The greater role for the Venezuelan state in its economy is also facilitating a shift away from oil dependency. Our oil wealth is being used to improve the productive capacity in other sectors, and such policies are now bearing fruit. Venezuela’s 4 per cent growth in 2011 was based on the non-oil sector GDP expanding 4.3 per cent and the oil sector GDP by 0.6 per cent.

Similarly, the government’s increasing role in the economy facilitates a virtuous circle whereby an expanding economy can benefit both the private and public sectors. Both grew by around 4 per cent last year. For example, construction expanded by 3.4 per cent in 2011 as a result of the government’s priority to build millions of homes, addressing the country’s chronic shortage. Washington-based economist Mark Weisbrot has explained that this is no one off, as prior to the global crisis the private sector grew faster than the public sector during the Chávez years.

This active use of the government’s minority share in the wider economy has similarities to the policies advocated by pre-eminent economists, most notably Nobel Prize winners Joseph Stiglitz and Paul Krugman, as a response to the global crisis. Such stimulus policies certainly help to explain Venezuela’s return to growth after being hit by this slowdown.

The path of independence that Venezuela is travelling on, however, goes much deeper than being free to control our own resources. Genuine independence has to create a population whose individuals are free to progress in their lives, not shackled by a lack of education, inadequate health provision, or mired in deep poverty. To this end, Venezuela’s National Development Fund has invested over US$400 billion in a vast array of social programmes ranging from healthcare to proper access to food, used by over 72 per cent of Venezuelan households.

Bolivar once wrote that ‘an ignorant people is a blind instrument of its own destruction.’ Accordingly, education has been at the forefront of our social investment policies and UNESCO has even recognised that Venezuela has eradicated illiteracy.  As a former Minister of Higher Education, I am proud of the fact UNESCO recently noted that today, Venezuela has the second highest proportion of university students in Latin America and fifth in the world.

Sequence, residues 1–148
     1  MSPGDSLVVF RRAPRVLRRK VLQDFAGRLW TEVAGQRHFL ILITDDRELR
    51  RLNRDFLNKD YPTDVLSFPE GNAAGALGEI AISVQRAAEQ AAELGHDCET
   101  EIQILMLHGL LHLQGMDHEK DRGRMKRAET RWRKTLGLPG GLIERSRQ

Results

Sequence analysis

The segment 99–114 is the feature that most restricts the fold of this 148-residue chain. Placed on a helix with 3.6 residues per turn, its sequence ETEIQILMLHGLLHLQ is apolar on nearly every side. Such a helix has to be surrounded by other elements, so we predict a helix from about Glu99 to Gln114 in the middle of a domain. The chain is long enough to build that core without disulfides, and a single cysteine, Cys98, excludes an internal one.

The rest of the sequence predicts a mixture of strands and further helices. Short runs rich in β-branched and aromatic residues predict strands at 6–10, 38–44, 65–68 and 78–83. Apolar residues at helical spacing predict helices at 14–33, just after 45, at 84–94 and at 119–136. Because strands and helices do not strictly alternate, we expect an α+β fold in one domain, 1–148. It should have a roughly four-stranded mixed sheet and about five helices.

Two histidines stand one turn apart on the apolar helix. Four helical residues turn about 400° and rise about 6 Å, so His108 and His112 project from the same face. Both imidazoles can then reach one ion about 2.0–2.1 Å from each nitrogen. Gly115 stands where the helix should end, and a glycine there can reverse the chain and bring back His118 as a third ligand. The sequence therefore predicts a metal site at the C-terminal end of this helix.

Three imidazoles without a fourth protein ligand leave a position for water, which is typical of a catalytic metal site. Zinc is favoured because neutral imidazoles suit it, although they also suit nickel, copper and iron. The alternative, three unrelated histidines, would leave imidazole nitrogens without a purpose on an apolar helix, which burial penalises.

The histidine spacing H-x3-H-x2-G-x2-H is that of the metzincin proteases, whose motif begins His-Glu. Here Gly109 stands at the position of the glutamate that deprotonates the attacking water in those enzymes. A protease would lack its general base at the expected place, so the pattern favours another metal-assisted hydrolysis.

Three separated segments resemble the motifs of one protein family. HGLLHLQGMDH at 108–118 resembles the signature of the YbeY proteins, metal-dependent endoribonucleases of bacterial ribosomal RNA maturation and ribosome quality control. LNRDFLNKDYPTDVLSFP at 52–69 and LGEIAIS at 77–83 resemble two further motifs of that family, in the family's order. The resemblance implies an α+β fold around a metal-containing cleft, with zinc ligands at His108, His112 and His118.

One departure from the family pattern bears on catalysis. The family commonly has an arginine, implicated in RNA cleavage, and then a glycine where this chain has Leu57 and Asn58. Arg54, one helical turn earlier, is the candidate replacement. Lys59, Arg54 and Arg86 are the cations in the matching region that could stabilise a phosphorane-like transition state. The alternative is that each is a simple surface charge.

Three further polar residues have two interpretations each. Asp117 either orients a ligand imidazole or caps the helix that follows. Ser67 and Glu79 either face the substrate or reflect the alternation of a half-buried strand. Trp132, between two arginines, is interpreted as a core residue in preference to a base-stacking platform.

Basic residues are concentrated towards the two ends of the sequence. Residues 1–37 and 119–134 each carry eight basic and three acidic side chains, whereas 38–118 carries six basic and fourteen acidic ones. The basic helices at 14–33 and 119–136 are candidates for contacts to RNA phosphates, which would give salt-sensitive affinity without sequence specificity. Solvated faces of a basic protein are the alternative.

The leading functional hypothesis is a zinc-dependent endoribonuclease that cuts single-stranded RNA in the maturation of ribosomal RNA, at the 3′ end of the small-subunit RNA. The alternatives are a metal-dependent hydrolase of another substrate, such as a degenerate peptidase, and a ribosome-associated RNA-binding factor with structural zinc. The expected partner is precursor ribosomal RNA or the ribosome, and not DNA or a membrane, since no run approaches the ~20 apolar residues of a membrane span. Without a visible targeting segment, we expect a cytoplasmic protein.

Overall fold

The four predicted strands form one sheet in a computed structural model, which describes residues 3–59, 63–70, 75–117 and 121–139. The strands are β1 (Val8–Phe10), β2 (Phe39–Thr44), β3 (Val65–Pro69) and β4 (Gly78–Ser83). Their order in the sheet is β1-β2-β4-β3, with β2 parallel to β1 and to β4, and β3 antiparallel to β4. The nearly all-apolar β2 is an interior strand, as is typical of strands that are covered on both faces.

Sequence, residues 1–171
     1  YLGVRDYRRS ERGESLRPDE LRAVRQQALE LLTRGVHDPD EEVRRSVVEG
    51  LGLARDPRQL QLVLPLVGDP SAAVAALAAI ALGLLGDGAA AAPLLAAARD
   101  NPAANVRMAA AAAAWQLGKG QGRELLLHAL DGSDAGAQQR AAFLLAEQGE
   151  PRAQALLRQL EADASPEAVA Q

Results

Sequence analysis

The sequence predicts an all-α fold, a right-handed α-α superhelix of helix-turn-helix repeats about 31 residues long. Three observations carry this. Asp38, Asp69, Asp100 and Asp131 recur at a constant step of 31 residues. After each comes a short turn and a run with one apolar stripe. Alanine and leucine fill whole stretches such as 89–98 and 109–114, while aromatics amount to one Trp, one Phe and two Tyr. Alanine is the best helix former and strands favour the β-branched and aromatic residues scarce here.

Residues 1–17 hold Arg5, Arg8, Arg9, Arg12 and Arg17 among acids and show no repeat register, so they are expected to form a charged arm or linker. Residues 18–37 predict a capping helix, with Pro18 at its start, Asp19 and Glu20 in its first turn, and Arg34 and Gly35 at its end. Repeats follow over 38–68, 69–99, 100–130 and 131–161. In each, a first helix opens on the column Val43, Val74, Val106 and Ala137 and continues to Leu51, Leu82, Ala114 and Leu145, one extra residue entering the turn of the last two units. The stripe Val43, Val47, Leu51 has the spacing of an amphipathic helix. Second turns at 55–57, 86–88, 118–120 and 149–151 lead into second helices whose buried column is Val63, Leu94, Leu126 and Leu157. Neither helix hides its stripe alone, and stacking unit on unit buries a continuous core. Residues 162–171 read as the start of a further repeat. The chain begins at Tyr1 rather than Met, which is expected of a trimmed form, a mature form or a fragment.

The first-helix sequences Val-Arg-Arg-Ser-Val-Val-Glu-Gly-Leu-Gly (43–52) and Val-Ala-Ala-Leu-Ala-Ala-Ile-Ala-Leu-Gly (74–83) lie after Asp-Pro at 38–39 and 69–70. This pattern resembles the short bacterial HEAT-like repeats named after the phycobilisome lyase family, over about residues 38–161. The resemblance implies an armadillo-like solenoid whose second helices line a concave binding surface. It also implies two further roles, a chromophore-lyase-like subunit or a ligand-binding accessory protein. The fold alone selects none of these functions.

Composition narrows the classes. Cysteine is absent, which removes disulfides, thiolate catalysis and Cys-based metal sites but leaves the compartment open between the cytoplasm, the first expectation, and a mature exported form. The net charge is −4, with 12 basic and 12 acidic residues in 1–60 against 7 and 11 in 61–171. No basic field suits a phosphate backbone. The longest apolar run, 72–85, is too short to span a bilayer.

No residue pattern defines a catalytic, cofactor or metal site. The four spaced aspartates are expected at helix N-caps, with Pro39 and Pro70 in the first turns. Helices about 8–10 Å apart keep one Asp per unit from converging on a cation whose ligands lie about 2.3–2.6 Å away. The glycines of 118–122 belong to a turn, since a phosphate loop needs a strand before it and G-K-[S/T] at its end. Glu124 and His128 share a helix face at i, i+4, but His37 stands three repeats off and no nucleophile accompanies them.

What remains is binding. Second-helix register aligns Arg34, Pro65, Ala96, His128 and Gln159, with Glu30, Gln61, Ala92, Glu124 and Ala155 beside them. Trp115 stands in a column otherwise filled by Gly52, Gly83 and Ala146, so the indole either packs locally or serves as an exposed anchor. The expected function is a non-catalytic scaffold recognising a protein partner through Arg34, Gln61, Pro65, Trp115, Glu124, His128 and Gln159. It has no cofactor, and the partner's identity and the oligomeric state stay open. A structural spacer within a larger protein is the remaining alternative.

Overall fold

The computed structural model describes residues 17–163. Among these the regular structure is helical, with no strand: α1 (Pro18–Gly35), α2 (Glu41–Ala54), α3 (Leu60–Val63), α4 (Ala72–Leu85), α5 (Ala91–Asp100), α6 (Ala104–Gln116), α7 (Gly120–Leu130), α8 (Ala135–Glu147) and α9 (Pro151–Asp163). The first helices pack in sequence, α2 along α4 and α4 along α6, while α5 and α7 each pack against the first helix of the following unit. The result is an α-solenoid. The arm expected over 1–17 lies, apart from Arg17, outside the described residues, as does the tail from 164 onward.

General poverty has been reduced from 43.9 per cent in 1998 to 26.7 per cent in 2011, while extreme poverty has seen a decrease from 17.1 per cent to 7 per cent in the same period. The UN Economic Commission for Latin America and the Caribbean recognised Venezuela as having the lowest levels of inequality based on the Gini coefficient.

In the past three years, this kind of social investment has averaged US$60 billion, allowing the global economic recession to have less of an impact on Venezuelan unemployment and poverty rates. Such investment reflects the historic task of trying to modernise Venezuela’s social and physical infrastructure. Tremendous improvements have been made in many areas and deep challenges remain in others, for example, crime and housing are the current priorities for the government.

All countries contain good and bad examples of both private and state companies. Today, Venezuela is accommodating its own public/private balance to defend the country from the negative impacts of the financial crisis, and to create economic growth and social justice.

We do not pretend to be a model for others, but we are encouraged by the people’s verdict so far. In October, the Venezuelan people will once again have their say in our Presidential election, Venezuela’s sixteenth electoral process in the past 14 years – more than the total held in the proceding half century. With recent polls showing that over 60 per cent view President Chávez’s government favourably, there are strong indications that our people want to see Venezuela continue along its path to development and independence.